CHICAGO - Nearly 3 out of 4 U.S. children and young adults (73 percent) consume at least some caffeine, mostly from soda, tea and coffee. The rate hasn't changed much over a decade, although soda use declined and energy drinksbecame an increasingly common source, a new government analysis finds.
Although most preschoolers consume some caffeine-containing products, overall caffeine intake declined in children age two to 11 between 1999 and 2010. On average, they consumed the amount found in about half a can of soda.
The study found that on average, six to 11-year-olds consumed 32 milligrams of caffeine daily. That's the equivalent of about one can of Coke or Pepsi a day. Twelve to 16-year-olds doubled that amount -- consuming 67 milligrams daily -- the equivalent of one Lemon Snapple iced tea or two cans of Coke. By the later teens and early 20's, adolescents and young adults consumed between 110 and 125 milligrams of caffeine daily -- which is roughly one cup of coffee at McDonald's, or three to four cans of Coke or Pepsi.
The analysis is the first to examine recent national trends in caffeine intake among children and young adults. It comes amid a U.S. Food and Drug Administration investigation into the safety of caffeine-containing foods and drinks, especially for children and teens. In an online announcement about the investigation, the FDA notes that caffeine is added to a variety of foods, gum and even some jelly beans and marshmallows. It is also an additive now in some candy bars and potato chips.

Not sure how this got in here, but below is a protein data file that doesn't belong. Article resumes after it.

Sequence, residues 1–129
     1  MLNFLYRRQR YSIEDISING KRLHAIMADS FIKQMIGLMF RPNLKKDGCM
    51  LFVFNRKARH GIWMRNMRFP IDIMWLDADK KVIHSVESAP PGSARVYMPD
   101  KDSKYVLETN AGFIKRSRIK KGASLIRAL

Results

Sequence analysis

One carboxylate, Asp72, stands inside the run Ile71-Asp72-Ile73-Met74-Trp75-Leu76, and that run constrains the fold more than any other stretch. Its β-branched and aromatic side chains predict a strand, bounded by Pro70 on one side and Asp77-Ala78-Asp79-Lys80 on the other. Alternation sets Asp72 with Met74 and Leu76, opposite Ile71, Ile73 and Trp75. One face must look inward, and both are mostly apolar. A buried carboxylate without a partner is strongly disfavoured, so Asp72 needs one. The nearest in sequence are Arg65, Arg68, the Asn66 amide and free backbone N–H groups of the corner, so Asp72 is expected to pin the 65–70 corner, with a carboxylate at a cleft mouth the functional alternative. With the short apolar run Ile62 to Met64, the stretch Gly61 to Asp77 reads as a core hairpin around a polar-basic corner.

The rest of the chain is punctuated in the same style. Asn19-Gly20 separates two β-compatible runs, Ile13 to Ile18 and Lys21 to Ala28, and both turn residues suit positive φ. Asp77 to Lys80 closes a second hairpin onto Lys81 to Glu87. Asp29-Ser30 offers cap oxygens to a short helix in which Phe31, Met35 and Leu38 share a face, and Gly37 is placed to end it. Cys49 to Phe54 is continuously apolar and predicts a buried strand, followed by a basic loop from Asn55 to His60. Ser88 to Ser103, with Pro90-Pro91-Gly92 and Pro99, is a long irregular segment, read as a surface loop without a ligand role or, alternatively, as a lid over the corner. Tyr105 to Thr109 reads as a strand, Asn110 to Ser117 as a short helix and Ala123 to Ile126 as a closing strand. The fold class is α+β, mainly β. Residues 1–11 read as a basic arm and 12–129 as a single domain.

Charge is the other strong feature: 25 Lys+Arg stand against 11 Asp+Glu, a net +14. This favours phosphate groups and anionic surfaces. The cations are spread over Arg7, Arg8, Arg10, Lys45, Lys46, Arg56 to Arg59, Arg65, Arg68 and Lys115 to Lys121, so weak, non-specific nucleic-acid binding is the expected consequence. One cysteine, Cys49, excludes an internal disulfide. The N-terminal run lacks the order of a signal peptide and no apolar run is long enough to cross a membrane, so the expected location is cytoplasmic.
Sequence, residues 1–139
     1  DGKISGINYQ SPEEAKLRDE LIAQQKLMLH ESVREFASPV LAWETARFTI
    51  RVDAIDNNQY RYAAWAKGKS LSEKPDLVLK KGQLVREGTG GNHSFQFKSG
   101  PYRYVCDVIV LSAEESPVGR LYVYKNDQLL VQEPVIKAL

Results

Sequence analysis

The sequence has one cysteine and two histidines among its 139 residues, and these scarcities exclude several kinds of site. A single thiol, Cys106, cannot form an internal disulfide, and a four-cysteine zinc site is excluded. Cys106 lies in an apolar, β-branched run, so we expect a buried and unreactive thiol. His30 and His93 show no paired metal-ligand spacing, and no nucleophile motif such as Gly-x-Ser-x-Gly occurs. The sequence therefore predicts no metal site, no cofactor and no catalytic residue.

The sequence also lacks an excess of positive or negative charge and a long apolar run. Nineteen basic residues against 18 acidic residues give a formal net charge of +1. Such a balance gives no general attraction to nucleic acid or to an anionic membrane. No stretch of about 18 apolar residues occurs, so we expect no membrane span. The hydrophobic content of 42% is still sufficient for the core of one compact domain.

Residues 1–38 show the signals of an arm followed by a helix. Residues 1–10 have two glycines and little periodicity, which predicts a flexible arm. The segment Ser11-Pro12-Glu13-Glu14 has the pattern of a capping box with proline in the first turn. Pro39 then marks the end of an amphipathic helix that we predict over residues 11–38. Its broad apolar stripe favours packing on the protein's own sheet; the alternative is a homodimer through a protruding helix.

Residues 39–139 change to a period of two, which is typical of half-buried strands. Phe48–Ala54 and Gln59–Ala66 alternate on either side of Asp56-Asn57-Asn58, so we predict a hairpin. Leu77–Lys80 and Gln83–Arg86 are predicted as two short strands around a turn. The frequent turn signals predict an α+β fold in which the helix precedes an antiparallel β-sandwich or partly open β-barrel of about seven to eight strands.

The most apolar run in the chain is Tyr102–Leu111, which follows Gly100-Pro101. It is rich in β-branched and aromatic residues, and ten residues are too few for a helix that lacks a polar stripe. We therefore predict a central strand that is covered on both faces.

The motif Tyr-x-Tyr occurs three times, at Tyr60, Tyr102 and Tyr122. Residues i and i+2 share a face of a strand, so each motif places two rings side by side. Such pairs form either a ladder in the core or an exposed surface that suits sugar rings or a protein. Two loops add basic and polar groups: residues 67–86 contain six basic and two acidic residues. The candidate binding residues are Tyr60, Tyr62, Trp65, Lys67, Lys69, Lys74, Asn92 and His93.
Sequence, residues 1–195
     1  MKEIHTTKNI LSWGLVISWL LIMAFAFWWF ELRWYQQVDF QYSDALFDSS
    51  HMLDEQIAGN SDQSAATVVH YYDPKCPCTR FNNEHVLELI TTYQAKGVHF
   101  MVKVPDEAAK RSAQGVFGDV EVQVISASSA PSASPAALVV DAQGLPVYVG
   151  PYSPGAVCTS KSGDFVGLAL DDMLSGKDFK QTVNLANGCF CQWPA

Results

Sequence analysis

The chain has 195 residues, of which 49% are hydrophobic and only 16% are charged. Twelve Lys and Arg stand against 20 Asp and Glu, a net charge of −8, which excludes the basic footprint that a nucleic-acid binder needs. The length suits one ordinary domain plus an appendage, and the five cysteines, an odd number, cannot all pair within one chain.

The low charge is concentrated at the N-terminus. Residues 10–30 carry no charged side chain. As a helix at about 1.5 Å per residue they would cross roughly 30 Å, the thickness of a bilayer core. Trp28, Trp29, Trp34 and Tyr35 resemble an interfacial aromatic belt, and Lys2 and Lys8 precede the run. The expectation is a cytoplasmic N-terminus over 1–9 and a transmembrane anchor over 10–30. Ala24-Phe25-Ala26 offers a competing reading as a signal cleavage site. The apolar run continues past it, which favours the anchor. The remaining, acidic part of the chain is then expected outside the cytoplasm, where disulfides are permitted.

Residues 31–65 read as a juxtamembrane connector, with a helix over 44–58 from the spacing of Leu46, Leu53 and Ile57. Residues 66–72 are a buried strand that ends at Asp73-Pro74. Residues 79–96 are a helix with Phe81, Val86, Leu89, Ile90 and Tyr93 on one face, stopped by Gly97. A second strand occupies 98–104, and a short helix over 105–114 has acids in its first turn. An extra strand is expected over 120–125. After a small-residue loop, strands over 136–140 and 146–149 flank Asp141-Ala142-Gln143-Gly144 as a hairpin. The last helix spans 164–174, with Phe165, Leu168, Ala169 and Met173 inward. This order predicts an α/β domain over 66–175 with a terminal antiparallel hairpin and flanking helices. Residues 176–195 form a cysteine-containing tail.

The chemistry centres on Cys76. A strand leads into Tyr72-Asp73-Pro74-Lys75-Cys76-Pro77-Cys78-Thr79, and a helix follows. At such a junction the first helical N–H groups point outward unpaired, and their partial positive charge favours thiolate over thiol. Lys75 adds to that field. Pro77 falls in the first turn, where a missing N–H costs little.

The new analysis, by researchers at the Centers for Disease Control and Prevention, shows that at least through 2010, energy drinks were not a common source of caffeine for most U.S. youth.
The results were published online Monday in the journal Pediatrics.The American Academy of Pediatrics recommends against caffeine consumption for children and teens because of potentially harmful effects from the mild stimulant, including increases in heart rate and blood pressure, and worsening anxiety in those with anxiety disorders.
Dr. Stephen Daniels, chairman of the academy's nutrition committee, said caffeine has no nutritional value and there's no good data on what might be a safe amount for kids.
Evidence that even very young children regularly consume caffeine products raises concerns about possible long-term health effects, so parents should try to limit their kids' intake, said Daniels, head of pediatrics at the University of Colorado's medical school.
Soda was the most common source of caffeine throughout the study for older children and teens; for those up to age 5, it was the second most common after tea. Soda intake declined for all ages as many schools stopped selling sugary soft drinks because of obesity concerns.
The American Beverage Association, whose members include makers of soft drinks and energy drinks, maintains that caffeine has been safely added to drinks as a flavor enhancer for more than 100 years.